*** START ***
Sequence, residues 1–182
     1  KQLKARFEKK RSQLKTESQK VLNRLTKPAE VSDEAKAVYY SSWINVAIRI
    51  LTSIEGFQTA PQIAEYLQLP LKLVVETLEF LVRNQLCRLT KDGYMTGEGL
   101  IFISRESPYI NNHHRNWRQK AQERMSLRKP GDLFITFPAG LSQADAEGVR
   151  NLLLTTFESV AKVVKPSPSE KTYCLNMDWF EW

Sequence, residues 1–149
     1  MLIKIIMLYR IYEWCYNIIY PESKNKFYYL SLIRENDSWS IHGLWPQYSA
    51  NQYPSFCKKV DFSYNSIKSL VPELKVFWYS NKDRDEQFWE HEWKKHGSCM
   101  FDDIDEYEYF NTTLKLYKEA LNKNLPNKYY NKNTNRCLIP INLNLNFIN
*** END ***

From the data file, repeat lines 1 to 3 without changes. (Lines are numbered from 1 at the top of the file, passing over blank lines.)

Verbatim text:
Sequence, residues 1–182
     1  KQLKARFEKK RSQLKTESQK VLNRLTKPAE VSDEAKAVYY SSWINVAIRI
    51  LTSIEGFQTA PQIAEYLQLP LKLVVETLEF LVRNQLCRLT KDGYMTGEGL